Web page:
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Those cornnuts are not levitating, they are just happy to see me.

Oh, so now where were we? Yes, yes, I was reviewing a wine.

After a leisurely 50 minutes on the ferry, I was home. I chilled the bottle in the fridge (45° F.) Before serving, I placed the bottle in the freezer for ten more minutes. I admit, I was concerned that this wine might ruin my night, so I wanted it to be ice cold. Who needs another cranky post. When I finally had the courage to pop the cork, I was happy to see a lovely salmon pink sparkling come to life. The nose was fruity, candy apple. First sip I tasted strawberries, florals and it had a nice balanced acid and flavorful intensity. Even though it was fruit forward, it was not sweet and the finish was long and dry. Mousse was moderate but still rich. As the wine warmed, the flavors nicely became more intense but I also noticed a nutty bitterness, which made me reconsider whether or not I loved this wine. However, the packaging was very pretty. The chocolate brown foil with pink and gold accents was very tasteful and felt luxurious when serving this wine to guests. Billecart-Salmon it was not, but it was very enjoyable cold and exhibited quality beyond other sparkling value wines at its price point. I would buy this again and I would be comfortable bringing this to an event.

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Surprise and delight! The pink underside of the brown foil impressed me. It does not take much.

There was very little on the label to tell me what this wine was about. It was rather mysterious. The Veuve du Vernay site specifies this wine as 11% alcohol and a blend of Cinsaut, Grenache and Syrah. This brand was created by Mr.Jean Eugène Charmat, the French scientist, who in 1907 invented the cuve close (“sealed vats”) method of producing fine sparkling wine which has since been adopted worldwide. Most sparkling wines are produced in one of two ways: Method Traditionelle wherein secondary fermentation happens in bottle, or vat fermentation which is eponymously named the Charmat method.

What’s with the “Veuve?” Monseiur Charmat had a high regard for a widow (veuve) in the village of Vernay who helped him to start his business. When Eugène Charmat’s son Robert created a new sparkling wine of high quality in the 1960s, he named it in honor of the lady whom his father esteemed so highly. Today Veuve du Vernay is an internationally known brand of value sparkling wines from France that are priced well as a result of Monseiur Charmat’s invention 108 years ago.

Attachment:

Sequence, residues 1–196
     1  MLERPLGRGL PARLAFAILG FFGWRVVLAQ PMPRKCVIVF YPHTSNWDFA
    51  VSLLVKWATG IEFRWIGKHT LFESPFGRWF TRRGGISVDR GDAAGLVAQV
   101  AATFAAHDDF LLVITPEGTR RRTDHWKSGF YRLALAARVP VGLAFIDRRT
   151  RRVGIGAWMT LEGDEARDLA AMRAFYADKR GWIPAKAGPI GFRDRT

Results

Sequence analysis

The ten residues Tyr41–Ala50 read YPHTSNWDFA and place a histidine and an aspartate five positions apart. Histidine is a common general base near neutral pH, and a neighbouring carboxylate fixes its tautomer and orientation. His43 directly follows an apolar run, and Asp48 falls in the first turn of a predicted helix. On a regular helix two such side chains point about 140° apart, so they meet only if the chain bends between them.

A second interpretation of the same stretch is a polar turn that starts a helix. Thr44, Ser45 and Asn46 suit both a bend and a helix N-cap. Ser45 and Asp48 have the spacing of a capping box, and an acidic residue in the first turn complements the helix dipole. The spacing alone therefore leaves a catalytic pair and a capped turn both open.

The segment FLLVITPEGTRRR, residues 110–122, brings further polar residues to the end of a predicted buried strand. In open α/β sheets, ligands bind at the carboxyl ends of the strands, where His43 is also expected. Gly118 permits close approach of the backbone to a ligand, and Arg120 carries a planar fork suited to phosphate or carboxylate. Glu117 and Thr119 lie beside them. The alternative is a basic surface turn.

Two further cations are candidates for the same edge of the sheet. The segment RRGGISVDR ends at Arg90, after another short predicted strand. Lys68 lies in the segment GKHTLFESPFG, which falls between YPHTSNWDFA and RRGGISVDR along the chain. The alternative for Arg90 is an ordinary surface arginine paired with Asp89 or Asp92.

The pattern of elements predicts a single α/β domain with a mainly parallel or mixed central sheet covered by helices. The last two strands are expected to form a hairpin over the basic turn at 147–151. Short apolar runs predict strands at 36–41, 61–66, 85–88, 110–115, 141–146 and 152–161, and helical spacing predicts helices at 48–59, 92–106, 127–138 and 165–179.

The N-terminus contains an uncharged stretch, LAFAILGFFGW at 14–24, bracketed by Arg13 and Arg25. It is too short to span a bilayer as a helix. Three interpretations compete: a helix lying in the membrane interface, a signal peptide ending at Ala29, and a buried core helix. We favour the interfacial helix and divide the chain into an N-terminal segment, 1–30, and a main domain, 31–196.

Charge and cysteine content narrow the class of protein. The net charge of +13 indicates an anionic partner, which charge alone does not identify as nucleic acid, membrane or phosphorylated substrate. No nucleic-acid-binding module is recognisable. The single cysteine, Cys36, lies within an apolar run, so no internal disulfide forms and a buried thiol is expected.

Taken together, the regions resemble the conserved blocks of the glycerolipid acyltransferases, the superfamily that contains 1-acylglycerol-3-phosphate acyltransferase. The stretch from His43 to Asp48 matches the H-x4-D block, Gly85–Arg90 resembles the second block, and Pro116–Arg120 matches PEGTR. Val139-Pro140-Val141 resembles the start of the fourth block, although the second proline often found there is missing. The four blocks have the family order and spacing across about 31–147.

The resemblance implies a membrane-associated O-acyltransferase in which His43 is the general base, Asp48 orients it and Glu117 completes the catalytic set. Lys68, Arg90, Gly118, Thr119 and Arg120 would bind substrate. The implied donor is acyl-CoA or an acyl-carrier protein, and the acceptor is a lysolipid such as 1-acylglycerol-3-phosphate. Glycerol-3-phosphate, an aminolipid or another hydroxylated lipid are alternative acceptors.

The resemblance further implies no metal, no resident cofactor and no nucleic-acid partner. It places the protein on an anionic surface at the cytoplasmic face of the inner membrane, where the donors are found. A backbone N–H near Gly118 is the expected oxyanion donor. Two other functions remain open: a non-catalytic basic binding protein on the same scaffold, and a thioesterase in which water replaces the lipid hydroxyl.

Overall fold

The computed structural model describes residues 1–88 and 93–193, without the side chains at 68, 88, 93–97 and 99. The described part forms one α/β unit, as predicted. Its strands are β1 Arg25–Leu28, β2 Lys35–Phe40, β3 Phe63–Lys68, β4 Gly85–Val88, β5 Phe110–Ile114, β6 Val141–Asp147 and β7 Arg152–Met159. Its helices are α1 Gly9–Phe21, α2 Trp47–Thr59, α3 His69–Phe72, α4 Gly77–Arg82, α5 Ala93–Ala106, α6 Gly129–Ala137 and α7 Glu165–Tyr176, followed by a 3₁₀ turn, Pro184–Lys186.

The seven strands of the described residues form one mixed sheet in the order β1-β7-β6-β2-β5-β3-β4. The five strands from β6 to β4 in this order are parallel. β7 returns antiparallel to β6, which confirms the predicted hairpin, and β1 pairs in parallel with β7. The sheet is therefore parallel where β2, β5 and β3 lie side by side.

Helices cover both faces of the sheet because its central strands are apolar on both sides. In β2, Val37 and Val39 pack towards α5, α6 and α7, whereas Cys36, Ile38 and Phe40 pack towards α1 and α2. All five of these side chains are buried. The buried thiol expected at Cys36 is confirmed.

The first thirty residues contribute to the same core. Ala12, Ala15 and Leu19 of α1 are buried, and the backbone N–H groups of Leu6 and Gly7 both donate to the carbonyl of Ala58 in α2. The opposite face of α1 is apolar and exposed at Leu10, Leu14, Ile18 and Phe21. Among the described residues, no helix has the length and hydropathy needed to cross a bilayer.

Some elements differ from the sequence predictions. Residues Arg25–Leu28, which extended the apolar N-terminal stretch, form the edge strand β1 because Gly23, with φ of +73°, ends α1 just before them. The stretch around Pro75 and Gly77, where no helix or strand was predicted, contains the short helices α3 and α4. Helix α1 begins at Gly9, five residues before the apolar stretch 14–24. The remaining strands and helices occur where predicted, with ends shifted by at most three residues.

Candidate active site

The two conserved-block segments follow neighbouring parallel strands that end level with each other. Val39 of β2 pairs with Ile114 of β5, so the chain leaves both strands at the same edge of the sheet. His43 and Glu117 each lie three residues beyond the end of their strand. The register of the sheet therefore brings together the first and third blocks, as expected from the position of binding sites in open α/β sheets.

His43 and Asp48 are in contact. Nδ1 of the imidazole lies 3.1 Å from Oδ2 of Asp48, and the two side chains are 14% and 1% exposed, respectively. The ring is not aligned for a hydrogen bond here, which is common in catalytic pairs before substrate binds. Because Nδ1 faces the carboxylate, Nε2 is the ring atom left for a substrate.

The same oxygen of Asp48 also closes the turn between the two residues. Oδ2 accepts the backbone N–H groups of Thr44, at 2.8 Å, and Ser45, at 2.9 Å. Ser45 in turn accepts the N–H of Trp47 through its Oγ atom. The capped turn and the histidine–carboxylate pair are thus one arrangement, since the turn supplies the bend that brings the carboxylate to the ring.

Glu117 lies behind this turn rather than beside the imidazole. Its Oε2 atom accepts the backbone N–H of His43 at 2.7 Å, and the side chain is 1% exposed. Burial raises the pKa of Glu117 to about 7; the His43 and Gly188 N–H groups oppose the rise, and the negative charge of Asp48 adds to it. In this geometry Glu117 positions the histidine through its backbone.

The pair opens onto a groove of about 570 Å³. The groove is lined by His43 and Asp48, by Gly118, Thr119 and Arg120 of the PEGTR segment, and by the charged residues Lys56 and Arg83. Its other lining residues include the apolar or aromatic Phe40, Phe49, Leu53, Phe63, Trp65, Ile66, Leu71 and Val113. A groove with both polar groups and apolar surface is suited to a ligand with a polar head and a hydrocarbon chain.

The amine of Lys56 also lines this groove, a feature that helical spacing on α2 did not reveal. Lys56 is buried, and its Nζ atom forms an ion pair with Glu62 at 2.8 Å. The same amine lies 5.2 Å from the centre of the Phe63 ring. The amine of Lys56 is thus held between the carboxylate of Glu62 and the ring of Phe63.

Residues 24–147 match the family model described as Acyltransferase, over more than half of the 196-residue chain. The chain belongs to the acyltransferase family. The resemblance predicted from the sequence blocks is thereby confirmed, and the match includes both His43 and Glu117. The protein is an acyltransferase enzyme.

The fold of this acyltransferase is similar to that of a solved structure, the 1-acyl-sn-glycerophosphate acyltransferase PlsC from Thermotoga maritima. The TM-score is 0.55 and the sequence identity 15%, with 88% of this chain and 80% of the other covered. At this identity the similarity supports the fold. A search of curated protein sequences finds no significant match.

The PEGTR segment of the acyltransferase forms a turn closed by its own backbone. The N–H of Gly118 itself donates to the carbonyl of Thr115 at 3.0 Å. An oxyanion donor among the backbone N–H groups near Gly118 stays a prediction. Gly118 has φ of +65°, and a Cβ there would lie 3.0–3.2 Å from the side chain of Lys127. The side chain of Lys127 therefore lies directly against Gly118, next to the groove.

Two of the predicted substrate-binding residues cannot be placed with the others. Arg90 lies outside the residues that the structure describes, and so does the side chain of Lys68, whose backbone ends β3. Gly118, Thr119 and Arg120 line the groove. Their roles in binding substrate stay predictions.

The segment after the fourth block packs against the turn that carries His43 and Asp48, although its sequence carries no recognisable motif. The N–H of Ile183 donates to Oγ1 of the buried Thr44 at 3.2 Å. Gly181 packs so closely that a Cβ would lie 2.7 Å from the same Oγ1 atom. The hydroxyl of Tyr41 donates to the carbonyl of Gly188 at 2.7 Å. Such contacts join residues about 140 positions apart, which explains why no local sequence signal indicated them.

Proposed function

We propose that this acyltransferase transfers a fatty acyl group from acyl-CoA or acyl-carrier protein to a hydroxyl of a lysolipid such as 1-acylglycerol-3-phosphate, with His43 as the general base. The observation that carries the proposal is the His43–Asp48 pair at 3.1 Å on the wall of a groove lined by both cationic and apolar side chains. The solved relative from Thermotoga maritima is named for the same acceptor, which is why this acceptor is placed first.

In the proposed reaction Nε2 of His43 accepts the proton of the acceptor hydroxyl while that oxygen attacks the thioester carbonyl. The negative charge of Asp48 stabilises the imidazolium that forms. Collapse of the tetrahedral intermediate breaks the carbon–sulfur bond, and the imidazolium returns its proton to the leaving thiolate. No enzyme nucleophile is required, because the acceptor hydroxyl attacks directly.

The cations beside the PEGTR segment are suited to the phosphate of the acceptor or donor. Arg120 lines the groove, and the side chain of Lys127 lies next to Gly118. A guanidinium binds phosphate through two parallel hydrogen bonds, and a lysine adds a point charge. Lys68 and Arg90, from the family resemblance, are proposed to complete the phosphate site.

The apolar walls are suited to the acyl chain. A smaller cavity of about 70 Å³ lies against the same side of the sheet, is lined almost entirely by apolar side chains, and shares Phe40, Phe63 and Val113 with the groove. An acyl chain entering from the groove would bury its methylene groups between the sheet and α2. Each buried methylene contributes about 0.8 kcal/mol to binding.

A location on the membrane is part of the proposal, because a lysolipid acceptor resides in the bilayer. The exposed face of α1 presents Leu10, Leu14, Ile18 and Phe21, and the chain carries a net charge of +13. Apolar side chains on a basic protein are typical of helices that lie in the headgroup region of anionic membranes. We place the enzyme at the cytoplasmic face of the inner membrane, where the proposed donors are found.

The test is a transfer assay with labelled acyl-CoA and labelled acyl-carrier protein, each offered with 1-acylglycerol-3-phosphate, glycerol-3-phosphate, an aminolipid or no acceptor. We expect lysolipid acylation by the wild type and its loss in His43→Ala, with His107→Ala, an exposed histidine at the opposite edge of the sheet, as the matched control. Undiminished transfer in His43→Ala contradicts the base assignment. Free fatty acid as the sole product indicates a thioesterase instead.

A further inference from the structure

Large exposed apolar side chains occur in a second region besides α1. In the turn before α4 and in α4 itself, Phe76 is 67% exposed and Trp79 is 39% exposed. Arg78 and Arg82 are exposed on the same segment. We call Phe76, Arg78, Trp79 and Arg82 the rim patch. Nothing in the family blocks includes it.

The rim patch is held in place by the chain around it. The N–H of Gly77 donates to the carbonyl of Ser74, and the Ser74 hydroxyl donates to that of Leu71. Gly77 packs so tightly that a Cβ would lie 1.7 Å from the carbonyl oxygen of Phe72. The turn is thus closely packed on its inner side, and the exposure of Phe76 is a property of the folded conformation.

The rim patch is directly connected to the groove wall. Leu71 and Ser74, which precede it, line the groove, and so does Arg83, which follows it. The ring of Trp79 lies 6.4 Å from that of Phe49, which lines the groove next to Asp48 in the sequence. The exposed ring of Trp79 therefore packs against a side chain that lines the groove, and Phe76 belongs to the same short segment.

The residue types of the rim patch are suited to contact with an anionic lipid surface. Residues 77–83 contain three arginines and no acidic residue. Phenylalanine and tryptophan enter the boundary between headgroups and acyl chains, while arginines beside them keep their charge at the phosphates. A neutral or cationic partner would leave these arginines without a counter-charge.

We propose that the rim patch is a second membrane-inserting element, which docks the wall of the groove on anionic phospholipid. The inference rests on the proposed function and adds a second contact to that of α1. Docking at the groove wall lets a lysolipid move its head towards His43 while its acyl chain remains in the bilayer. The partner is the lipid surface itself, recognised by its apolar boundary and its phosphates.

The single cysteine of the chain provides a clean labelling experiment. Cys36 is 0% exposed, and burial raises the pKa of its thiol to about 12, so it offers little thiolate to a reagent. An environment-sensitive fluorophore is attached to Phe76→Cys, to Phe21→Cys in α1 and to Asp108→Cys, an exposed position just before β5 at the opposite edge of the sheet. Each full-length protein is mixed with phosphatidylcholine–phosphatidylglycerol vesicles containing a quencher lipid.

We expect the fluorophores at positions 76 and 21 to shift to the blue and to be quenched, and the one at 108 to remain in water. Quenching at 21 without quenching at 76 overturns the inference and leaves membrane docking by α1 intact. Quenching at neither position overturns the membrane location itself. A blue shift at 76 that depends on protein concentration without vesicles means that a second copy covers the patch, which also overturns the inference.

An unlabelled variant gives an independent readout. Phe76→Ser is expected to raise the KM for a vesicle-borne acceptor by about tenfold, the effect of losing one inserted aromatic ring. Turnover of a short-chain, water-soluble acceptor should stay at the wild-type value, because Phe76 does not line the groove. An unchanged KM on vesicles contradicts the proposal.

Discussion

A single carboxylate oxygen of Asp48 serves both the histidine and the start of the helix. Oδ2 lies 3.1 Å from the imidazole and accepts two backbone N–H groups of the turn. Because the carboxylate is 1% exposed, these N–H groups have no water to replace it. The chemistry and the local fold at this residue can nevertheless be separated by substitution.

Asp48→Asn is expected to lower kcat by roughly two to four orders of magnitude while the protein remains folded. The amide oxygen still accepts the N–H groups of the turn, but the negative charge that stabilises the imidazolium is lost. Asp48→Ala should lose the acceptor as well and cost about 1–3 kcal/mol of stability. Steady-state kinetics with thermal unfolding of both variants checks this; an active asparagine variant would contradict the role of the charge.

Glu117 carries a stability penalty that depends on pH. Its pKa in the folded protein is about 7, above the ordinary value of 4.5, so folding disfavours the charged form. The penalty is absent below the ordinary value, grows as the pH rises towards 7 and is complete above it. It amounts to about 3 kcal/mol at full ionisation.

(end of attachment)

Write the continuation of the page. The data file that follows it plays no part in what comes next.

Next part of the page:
Let’s raise a glass in honor of the inventor and founder who made it possible for the world to enjoy quality inexpensive sparkling wine today. Down the hatch!

Stay curious,

loie

TOP 10 UNDER $10 : #Wine Suggestions For Thanksgiving!

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Golly! Is it really Thanksgiving time already? I just got out of recovery from Halloweek and without missing a beat, we are off planning the big Turkey trot. I have never hosted more than a Taco Tuesday but have logged many hours assisting a hapless host on this most notorious of American holidays. Hosting is a performing art typically reserved for the patriarch &/or matriarch of the family. When not in the homeland, the stage is kindly set by a friend who has a few extra seats at their folding table and a tolerant extended family too enthralled with football to succumb to social awkwardness. Ahhhh, the memories. And when the police have left to have dinner with their own families, and the dishes are dried, the pie put away and bail has been posted for that gregarious uncle who got a little carried away, we tuck ourselves in for the night and give thanks for the wine that got us through it.

This holiday you will be tasked with making wine selections for an array of occasions. Hostess gift, friendly gathering, family affairs, work events and after parties of one. Sure, sure, sure. Who wants to look gauche by bringing cheap wine to a party – the horror! Then again, who realistically can serve unlimited bottles of fine vintages for hundreds of guests other than your wealthy relatives – actually, they won’t be either.

Cheap is chic! Living well doesn’t mean living expensively. Sharing those special splurgy vintages with winos who can appreciate it is much different than ensuring your Great Aunt Helen enjoys that glass of quaffable red that puts some color in her cheeks. And if the hostess is a snob, then rise to the occasion and bring a respectable wine, but I don’t know a wino who doesn’t appreciate a good tip and a smart deal every now and then. Hey, every bottle does not find a place in the cellar, they often end up at the next party or in the fridge….yes even the reds!